Bankruptcy attorney Grace Robson is well-acquainted with the value of hard work.
Growing up in Long Island, the Fort Lauderdale-based lawyer and partner at Markowitz Ringel Trusty & Hartog watched as her parents — both Korean expatriates — worked at their family-owned dry cleaning store to eke out a living for Robson and her brother.
“My parents were always working very hard,” Robson told the Daily Business Review, noting that she didn’t see them much and spent a considerable amount of time with her grandmother. As a “young, first-generation child from a family of immigrants from Korea,” Robson said her family instilled in her the value of putting her back into all her endeavors from a very early age, even if she didn’t realize it at the time.
“I probably didn’t appreciate it as much until I started working with them when I was probably 12 or 13,” Robson recounted. “I saw that sacrifices had to be made so that you could get by on a day-to-day basis.”
Robson’s fascination with the law began while enrolled in a criminal justice course during her junior year of high school. While the class material was a far cry from her eventual career in bankruptcy and debtor-creditor relations, it awoke something in Robson, namely, a deeply held belief in the importance and value of a functioning legal system.
“I saw it as a profession where people were always looking to do the right thing. I saw it as justice. I always thought that education and the legal profession could be an equalizer for people who did not have the means or were not financially wealthy,” Robson said. “But you could always catch up and do well for yourself if you work hard, get a good education and do things the right way.”
Robson remained in her native New York for her studies, earning her undergraduate degree at State University of New York as well as her J.D. from Benjamin N. Cardozo School of Law. While at law school, she wrestled with whether she wanted to practice corporate law or become a litigation attorney.
It wouldn’t be long before she was introduced to the idea of entering the world of bankruptcy law.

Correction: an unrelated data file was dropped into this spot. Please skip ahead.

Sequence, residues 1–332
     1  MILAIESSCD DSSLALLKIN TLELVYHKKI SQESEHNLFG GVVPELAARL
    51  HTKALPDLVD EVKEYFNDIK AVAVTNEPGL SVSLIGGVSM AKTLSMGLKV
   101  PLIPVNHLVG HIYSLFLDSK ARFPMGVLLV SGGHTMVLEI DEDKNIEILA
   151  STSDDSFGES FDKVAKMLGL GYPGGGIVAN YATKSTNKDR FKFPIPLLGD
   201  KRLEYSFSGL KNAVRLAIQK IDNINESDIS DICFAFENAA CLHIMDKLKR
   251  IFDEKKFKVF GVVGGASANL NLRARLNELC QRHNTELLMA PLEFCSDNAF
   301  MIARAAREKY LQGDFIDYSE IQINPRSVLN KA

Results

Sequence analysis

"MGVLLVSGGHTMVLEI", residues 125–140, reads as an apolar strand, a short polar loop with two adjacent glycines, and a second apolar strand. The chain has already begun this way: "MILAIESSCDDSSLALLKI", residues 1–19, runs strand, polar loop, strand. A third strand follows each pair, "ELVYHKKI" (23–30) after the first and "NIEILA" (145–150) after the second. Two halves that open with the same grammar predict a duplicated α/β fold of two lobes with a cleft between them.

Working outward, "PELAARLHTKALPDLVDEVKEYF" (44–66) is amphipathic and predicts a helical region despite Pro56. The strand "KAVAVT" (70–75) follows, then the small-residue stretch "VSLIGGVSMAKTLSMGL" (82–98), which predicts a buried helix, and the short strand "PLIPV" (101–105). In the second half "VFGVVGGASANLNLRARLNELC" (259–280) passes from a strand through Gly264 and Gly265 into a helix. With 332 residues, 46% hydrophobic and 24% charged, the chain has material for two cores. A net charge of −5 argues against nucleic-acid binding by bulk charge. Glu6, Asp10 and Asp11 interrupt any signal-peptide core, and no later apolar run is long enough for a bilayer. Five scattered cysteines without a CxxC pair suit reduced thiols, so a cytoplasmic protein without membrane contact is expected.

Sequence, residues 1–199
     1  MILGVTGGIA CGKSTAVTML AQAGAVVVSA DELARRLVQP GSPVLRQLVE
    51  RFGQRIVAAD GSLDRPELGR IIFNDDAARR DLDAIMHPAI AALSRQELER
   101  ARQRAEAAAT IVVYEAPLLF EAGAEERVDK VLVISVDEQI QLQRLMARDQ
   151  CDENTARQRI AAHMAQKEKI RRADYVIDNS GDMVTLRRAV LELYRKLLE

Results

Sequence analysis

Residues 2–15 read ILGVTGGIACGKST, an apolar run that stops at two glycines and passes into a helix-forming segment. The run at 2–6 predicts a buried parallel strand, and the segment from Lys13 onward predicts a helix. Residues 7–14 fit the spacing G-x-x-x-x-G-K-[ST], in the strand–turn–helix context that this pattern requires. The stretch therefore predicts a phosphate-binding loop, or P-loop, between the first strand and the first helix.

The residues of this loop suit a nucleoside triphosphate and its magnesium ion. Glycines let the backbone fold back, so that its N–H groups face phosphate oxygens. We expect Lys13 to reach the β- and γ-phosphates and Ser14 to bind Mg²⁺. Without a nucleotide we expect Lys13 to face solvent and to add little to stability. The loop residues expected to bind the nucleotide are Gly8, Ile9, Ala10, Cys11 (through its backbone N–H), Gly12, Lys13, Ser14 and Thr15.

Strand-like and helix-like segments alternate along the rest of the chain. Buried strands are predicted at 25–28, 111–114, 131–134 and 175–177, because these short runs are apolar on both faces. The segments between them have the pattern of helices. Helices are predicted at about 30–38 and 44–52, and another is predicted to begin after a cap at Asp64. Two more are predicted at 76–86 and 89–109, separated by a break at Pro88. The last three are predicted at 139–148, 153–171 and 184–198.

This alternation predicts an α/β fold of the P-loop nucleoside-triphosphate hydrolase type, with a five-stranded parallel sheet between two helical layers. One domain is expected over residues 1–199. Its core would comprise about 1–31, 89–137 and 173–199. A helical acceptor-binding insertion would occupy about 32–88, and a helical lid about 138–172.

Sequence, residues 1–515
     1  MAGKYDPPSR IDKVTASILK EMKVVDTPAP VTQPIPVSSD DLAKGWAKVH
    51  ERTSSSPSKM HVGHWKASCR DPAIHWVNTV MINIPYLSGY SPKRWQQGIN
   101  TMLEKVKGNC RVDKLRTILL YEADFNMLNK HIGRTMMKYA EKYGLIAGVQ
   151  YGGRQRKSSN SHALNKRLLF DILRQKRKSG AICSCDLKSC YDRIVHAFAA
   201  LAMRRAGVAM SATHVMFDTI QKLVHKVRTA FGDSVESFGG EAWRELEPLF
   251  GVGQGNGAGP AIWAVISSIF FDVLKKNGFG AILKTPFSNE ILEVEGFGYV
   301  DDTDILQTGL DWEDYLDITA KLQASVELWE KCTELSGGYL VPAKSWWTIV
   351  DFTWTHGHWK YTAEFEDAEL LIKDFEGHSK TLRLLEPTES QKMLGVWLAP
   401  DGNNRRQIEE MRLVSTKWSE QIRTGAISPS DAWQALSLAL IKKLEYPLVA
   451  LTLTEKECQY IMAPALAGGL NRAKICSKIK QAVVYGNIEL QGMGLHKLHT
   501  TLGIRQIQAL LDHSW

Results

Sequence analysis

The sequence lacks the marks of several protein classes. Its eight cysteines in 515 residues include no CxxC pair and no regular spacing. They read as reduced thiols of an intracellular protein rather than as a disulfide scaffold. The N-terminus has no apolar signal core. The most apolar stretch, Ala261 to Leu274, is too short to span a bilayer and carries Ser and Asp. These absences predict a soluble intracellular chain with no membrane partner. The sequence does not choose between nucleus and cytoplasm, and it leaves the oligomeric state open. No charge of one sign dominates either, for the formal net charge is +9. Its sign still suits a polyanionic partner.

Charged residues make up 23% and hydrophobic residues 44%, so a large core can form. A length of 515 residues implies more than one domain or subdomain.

“I had a neighbor who was also a law student and a couple of years ahead of me, and she had said, ‘Well, if you’re not sure which one you prefer and you want to get experience doing both, you should look into bankruptcy because in bankruptcy you get to do transactional work and you get to do litigation,’” Robson recounted. “So I did an internship and clerked at a law firm doing that and I took the bankruptcy course. And once you get a little bit of bankruptcy, then you know you get into that.”
According to her colleagues, the idealism and refined work ethic that first propelled Robson into her law career is still readily apparent. According to Patricia Redmond, a shareholder at Stearns Weaver Miller Weissler Alhadeff & Sitterson in Miami and adjunct professor at the University Of Miami School Of Law, one of the traits setting Robson apart from her peers is her affability, or grace.
“I think how she conducts herself personally and as a bankruptcy attorney is the same. If she tells you something you can count on it, and when she has a difficult circumstance she approaches it courteously and professionally,” Redmond said. “When you have a question, or clients are disagreeing and contentious, Grace is the person I would want on the other side of a case. With her you can make sure you’ll get to a resolution.”